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Sanskrit Manuscripts : Prajñāpāramitāstotra, Aṣṭasāhasrikā Prajñāpāramitā, Vajradhvajapariṇāmanā


Sanskrit Manuscripts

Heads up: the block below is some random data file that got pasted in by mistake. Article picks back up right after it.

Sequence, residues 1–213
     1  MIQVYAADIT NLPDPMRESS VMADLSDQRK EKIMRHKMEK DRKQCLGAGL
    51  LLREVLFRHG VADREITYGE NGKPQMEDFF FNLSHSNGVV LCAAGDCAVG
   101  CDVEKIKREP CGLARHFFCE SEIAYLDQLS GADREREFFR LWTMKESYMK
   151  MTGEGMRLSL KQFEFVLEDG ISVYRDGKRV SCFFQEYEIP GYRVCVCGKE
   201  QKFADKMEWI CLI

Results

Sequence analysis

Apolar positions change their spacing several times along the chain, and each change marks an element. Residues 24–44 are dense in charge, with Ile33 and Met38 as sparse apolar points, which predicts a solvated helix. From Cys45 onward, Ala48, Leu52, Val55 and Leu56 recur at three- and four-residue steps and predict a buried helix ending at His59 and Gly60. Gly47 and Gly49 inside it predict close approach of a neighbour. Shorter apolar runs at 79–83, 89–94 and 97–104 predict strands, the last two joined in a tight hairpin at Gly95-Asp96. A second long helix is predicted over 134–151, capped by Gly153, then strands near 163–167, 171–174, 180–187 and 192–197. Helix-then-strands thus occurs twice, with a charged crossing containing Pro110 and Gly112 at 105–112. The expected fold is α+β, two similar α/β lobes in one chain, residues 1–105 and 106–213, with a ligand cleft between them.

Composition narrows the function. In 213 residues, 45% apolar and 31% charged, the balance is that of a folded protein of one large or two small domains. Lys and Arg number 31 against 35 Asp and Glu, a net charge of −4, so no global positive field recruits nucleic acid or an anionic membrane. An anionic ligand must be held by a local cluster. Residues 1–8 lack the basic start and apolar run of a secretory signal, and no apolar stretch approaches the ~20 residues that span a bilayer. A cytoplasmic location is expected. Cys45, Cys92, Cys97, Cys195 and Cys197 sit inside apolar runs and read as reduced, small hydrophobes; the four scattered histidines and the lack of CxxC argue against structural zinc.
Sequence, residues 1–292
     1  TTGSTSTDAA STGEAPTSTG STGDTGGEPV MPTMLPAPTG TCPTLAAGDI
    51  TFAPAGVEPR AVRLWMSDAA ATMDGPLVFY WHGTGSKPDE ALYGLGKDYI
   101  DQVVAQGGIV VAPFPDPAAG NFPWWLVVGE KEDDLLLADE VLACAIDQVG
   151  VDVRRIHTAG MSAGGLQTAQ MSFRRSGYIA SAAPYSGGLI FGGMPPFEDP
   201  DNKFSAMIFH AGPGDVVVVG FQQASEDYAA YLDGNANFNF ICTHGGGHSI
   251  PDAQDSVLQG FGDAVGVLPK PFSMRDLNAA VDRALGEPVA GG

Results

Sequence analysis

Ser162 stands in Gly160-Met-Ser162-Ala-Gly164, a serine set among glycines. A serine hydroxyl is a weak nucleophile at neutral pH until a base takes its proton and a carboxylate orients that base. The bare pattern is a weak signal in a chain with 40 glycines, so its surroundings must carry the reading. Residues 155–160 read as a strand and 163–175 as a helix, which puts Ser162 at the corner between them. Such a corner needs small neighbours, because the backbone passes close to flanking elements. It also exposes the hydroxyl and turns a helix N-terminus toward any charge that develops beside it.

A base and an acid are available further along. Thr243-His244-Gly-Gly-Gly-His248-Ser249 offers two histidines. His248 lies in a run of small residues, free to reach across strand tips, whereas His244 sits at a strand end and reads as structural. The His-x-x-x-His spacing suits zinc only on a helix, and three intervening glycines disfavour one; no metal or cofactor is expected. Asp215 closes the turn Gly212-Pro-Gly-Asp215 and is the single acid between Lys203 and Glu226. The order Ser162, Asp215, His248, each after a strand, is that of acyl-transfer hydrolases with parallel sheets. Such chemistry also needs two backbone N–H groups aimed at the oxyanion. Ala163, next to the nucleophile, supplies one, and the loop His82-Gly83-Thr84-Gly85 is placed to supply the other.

<p style='text-align: justify;'> An 11th-century composite and multi-text manuscript containing three texts: Rāhulabhadra's <i>Prajñāpāramitāstotra</i>, the <i>Aṣṭasāhasrikā Prajñāpāramitā</i> and the <i>Vajradhvajapariṇāmanā</i>. The "Perfection of Wisdom in Eight Thousand Lines" (<i>Aṣṭasāhasrikā Prajñāpāramitā</i>) is one of the earliest Mahāyāna scriptures. This foundational <i>sūtra</i> of Mahāyāna Buddhism developed gradually over a period of about two hundred years, from the first century BCE to the first century CE (some of its earliest recensions were translated into Chinese during the Han dynasty, 206 BC – 220 CE). There is still no scholarly consensus as to the provenance of the text, but the most widespread view is that it was probably written in central or southern India. The "Perfection of Wisdom in Eight Thousand Lines" presents its doctrine in the form of a dialogue between the Buddha and one of his disciples, the <i>arhat</i> Subhūti. In this dialogue "the principal ontological message (message concerning what ultimately exists) […] is an extension of the Buddhist teaching of not-Self to equal no essential unchanging core, therefore no fundamentally real existence, as applied to all things without exception" (Williams 2009; 52). This <i>sūtra</i> belongs to the early stratum of the so-called "Perfection of Wisdom (<i>prajñāpāramitā</i>) literature," subsequently expanded between the second and fourth centuries CE into other huge scriptures, for instance the "Perfection of Wisdom in One Hundred Thousand Lines" (the <i>Śatasāhasrikāprajñāpāramitā</i>). The "Perfection of Wisdom in Eight Thousand Stanzas" enjoyed a central role in the Buddhist cult of the book, and particularly in Newar Buddhism. "This Nepalese palm-leaf manuscript of the Aṣṭasāhasrikā Prajñāpāramitā is a unique item under many aspects. It is an important historical document that provides valuable information about the dynastic history of medieval Nepal. According to the colophon, it was written by a scribe named Sujātabhadra in 1015 CE during the joint reign of three kings, Bhojadeva, Rudradeva and Lakṣmīkāmadeva in the Hlāṃ <i>vihāra</i> (on the joint reign of these three kings cf. Petech 1984: 36-9). The identification of this monastery is still open: according to L. Petech it might be a misreading for Hloṃ, and is "perhaps connected with present-day Lhom Hit in Tangal Tol, Patan" (Petech 1984: 36-7); on the other hand, J. Locke identifies it with the Lām Bāhā in Kathmandu (Locke 1985: 421). Moreover, it is decorated with 85 miniatures occurring at chapter ends and at the beginning of the entire manuscript (probably the miniatures were originally 88, since the first palm-leaf folio is missing and has been replaced with a paper supplement). The subjects of these miniatures 'are in general different from their Indian Pāla counterparts. Apart from the last eight on the colophon folio […] they are all of specific iconographic representations of the Buddha or Bodhisattvas or other divinities, or of important stūpas or caityas. The majority of places designated are in eastern India, but there are some from far off places-China, Java, Ceylon, Gujarat, southern India' (Losty 1992: 31). Moreover, the manuscript contains notes for the illuminator added by the first scribe, each of which describes the Buddha or the Bodhisattva and the location to be depicted in the miniature. The importance of this manuscript is furthermore confirmed by an additional colophon in verses, added in 1139 by a certain Karuṇavajra, who states that he rescued the <i>Prajñāpāramitā</i> from falling in the hands of unbelievers (most probably, people of Brahmanical affiliation). Last but not least, the last folio of this manuscript is the only surviving witness of the Sanskrit original of the <i>Vajradhvajapariṇāmanā</i>, a short hymn hitherto considered to have survived only in its Tibetan translation, the <i>(’Phags pa) Rdo rje rgyal mtshan gyi yongs su bsngo ba</i>" (Formigatti 2014: 14). The <i>Vajradhvajapariṇāmanā</i> is fully transcribed in the excerpts. </p><p style='text-align: justify;'>This item featured in <a target='_blank' class='externalLink' href=''>an article in the Kathmandu Post</a> on 26 February 2019. It mentions our manuscript also features in a Nepali “textbook titled Chitrakala (Painting) published by the Education Ministry for students of grades 9 and 10.”</p><p style='text-align: justify;'>This item was included in the Library’s 600th anniversary exhibition <a target='_blank' class='externalLink' href=''><i>Lines of Thought: Discoveries that changed the world</i></a>.</p>

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